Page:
He took a moment to shake the worst damp off his hat and coat and entered the Bull Horn. The familiar mixture of cheap cigarette smoke, moist clothes, and alcohol-laden human breath welcomed him. He scanned the room for his friend-mentor-surrogate dad and found him, as always, sitting at the far end of the bar, right at the corner where the back door offered the possibility to make a fast and unnoticed exit. Just in case...that was what Bobby always said. His paranoia might be ridiculed by others - Sam knew what the man was talking about. In fact, in Sam´s line of work, Bobby´s behavior was normalcy. Life-saving normalcy.

He strode over to take the seat at Bobby´s side, nodding at the older man. The years in Korea hadn´t been lenient on him. His face, already creased and scruffy before his enlisting now looked like a piece of paper crumpled up, opened and scrunched again several times. It had taken Sam years to understand Bobby´s stubborn decision to join the army in this utterly senseless war. If anything, Bobby had been more short-cut, withdrawn and grumpy than before after returning from his "holiday on the McArthur Playgrounds" as he put it. Maybe it was the look in Bobby´s eyes when he was not guarded enough for a moment - and Sam didn´t need more than a split second to read people, it came with his job - that made him realize going into war was Bobby´s way of dealing with everything that had happened to his best friend and his family. He had held things together for years, for Sam´s sake; and when Sam was gone, so was his motivation to hold back anymore. Just like Sam, he needed something to channel his anger into - and chose a legitimate way.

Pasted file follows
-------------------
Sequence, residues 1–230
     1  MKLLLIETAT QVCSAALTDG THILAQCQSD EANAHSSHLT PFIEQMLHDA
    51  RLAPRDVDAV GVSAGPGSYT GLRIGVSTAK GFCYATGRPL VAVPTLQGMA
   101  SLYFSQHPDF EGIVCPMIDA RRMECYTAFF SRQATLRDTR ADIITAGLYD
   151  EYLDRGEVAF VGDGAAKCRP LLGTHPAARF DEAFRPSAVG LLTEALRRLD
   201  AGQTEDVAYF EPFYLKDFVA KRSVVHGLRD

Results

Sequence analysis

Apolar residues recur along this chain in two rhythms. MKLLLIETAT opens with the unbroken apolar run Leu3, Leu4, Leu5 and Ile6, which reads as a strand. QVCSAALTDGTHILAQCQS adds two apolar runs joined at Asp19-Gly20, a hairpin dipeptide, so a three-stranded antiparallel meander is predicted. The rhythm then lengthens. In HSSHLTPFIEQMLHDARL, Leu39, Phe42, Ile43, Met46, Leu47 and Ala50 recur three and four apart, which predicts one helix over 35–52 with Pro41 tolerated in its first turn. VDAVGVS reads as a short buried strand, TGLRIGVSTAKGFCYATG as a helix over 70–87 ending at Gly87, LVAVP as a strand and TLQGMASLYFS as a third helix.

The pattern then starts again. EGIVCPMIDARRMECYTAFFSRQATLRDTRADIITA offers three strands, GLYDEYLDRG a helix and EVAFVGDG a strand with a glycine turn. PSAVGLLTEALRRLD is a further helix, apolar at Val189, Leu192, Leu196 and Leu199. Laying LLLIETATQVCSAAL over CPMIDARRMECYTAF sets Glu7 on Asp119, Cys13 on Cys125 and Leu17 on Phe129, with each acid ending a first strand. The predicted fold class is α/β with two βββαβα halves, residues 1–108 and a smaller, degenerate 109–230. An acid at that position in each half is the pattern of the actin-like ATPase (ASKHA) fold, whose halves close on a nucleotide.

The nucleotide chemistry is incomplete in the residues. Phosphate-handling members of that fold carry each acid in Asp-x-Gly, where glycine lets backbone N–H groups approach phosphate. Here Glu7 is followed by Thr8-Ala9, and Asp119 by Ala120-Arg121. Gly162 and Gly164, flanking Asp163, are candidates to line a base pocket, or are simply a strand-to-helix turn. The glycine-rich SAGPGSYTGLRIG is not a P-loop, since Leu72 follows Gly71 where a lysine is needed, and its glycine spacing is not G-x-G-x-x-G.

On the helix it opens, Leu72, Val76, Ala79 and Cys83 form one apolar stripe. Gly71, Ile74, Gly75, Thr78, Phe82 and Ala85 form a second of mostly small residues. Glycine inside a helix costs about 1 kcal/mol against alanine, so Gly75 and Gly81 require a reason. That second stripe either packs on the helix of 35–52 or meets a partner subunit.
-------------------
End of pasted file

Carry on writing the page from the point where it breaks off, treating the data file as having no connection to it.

It hadn´t worked out for him, though. The anger was still there, but it was somehow subdued and coated with resignation.

"Bobby", Sam nodded, putting his damp hat on the counter and waving for the bartender.

"Sam", Bobby growled.

"I got your note."

"Well, I'm fine too, boy. Anyways, I think I've got a job for you"

"Bobby, I'm always up for a job. Any job. But when will I ever find Them. I wanna work for Them."

"Well, it's your lucky day then. This one might get you closer to them."

Bobby slipped him the envelope.

Suddenly Bobby touched his ear. Sam knew that gesture. It meant an undercover cop had arrived. Sam finished his drink, took his hat and left the pub. The rain had stopped outside. Sam decided to walk a mile downtown. He came to a bus stop, sat down there and opened his envelope: it read „M. Kobayashi“. Along with the note, there was boat ticket to Osaka, Japan.

He scanned the few encrypted lines following the name - Bobby was always thorough when it came to security measures. Even without his books, he managed to decipher a few bits. Sam had no clue as to who M. Kobayashi was and why he´d earned himself a death mark; honestly, he didn´t care. What he DID care about was the fact that the killing was to take place in Tokyo, and the note mentioned an etablissement (AKA whore house) called "Rising Sun". Sam knew the name. He had read and reread it hundreds of times. His father had left a load of material on the case he had been working on for years by the time the Japanese mafia had decided to set an example.

When John had come home on that day, startled by a weird phone call, horror and dread making him run until his lungs ached, his wife had been killed, his older son vanished, and his younger son deeply traumatized by watching the well-organized killers/abductors do their work without any remorse or even hesitation.

The Yakuza was thorough and cruel in their methods: kill a man´s family, and he will seek revenge to the end of his days; but kill his wife, and take his son, leaving him in agonizing uncertainty, and mess up his other child for good, and the sheer amount of pain and despair will ruin him. It was, Sam had to admit, the perfect torture - without even coming near the man. And it sent a clear enough message to everyone else who might have the guts to stir up things for the powerful Yakuza family.